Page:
Digital illustration: Confetti

Let’s throw a little confetti and a ticker tape parade in honor of serendipitous connections, my friends!

Pretty Thievery

You’ve heard of petty thieves; this summer I saw a pretty thief. My husband and I were visiting in Washington (state), seeing family, attending a fundraising event and spending a couple of days at the end of the trip where my partner was doing some work conducting a choir (comprising as its singers a batch of veteran choral conductors and teachers, a handful of whom are longtime friends of ours) in a workshop. It was all quite delightful, with the exception of the horrid respiratory gunk that my guy received as a gift along the way and that cut short the workshop fun. [He has fully recovered by now, thankfully.]

But another unexpected happy thing about the trip was that the fundraiser was held very near a condominium we own that, while it’s normally rented out as a residence—so we’ve not been inside it since we viewed it for purchase—our property manager informed us that we were getting a new renter and our visit sat right in the between-renters gap. So there was this handy opportunity for us to go in and renew our familiarity with the place where we might conceivably someday live ourselves as retirees, not to mention a chance to measure rooms, note the condition of things now that the home was actually clean and unfurnished, and so forth. All useful, along with the visit to that town itself, in reminding ourselves what had attracted us to the locale and the home in the first place.

Another attraction we were reminded of appeared serendipitously on this visit. As we were wandering through the neighborhood and trying to remember exactly how to find our only-once-visited place, we passed a house with beautiful dwarf fruit trees planted along its street side, and there stood a deer, placidly unruffled by either our passing car or the midday sun, casually balancing on two legs to reach up and nab some marvelous, rosy ripe apples and munch them one after another. We stopped, rolled down our windows to enjoy the sight, and listened to birds chorusing in the trees, and vowed never to turn in such a charming miscreant even if it one day dined on our own deck plants.Photo: Pretty Thievery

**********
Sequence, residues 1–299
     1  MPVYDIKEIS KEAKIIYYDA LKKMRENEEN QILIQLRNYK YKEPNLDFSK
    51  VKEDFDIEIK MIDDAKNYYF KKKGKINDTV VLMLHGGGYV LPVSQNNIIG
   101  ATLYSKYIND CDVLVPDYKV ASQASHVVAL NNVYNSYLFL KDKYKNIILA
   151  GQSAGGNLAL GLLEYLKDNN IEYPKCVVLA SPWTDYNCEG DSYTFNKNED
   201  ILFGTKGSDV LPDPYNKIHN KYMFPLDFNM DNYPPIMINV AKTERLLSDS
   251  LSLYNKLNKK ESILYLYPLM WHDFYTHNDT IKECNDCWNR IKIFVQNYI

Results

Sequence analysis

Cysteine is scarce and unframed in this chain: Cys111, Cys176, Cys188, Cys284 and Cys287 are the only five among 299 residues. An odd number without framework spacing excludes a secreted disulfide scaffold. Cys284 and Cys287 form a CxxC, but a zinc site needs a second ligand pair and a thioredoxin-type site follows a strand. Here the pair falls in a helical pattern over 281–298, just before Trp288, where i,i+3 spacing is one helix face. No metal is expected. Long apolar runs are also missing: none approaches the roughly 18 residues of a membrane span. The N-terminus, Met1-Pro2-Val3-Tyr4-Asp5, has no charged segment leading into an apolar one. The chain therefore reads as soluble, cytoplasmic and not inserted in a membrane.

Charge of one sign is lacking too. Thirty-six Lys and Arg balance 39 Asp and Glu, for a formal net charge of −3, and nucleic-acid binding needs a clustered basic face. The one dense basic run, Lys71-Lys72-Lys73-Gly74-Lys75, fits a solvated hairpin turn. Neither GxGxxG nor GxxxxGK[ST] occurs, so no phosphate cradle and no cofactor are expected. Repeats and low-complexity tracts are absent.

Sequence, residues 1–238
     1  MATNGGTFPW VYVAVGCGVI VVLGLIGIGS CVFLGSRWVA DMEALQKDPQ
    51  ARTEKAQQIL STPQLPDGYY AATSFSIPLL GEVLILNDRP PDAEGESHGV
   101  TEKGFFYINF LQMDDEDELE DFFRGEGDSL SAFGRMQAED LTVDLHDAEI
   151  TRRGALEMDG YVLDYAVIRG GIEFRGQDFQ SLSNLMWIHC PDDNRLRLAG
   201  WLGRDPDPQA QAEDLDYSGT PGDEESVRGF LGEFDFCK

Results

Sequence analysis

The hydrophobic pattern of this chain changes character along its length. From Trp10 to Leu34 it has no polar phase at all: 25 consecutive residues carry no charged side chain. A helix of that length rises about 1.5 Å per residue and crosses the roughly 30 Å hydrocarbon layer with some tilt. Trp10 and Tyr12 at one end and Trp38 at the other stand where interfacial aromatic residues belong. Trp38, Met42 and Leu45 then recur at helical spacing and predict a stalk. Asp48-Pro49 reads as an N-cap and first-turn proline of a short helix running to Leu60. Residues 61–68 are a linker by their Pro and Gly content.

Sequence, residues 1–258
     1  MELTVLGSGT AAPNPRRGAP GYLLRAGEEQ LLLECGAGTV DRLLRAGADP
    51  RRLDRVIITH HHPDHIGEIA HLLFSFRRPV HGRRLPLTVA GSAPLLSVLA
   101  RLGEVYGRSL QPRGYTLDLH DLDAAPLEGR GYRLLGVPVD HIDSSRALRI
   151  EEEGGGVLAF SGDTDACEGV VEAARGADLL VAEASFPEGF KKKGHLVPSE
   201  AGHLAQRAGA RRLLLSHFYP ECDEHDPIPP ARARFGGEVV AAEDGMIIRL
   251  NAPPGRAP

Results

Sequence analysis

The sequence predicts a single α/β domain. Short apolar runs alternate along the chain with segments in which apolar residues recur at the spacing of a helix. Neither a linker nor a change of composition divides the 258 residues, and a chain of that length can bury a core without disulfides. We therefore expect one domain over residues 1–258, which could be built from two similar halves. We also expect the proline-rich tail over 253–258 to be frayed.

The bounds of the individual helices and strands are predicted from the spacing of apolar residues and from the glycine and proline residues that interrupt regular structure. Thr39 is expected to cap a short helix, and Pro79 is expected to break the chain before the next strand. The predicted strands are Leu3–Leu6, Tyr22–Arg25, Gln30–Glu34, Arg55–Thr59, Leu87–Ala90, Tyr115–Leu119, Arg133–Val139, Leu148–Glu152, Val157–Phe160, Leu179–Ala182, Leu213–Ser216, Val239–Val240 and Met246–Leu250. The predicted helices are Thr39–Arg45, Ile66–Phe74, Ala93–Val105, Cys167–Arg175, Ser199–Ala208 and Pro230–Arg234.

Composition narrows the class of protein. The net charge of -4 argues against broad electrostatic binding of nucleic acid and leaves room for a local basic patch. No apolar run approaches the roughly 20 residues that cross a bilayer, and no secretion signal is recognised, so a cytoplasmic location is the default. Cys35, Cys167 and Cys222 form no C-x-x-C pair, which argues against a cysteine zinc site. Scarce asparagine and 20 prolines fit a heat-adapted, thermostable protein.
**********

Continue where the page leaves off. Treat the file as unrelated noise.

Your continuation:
Discretionary Fun

Digital illustration/drawings: Mood & 'TudeI get the impression that some people treat non-work times as the only times when they’re allowed to be happy. I do understand the need for income that can drive one to spend time in a job that doesn’t fulfill any other need or desire in life, and many of those are in the least-compensated positions at low-paying employers’ as it is. Been there, done that.

But I can say, too, that the greatest misery in my work life was attitudinal, and the more I did to discover and avoid the things that made me unhappy in my work, the less miserable I was. The more I sought to learn what I enjoyed in work and chose ways to magnify that, the closer I got to contentment both at and out of the workplace.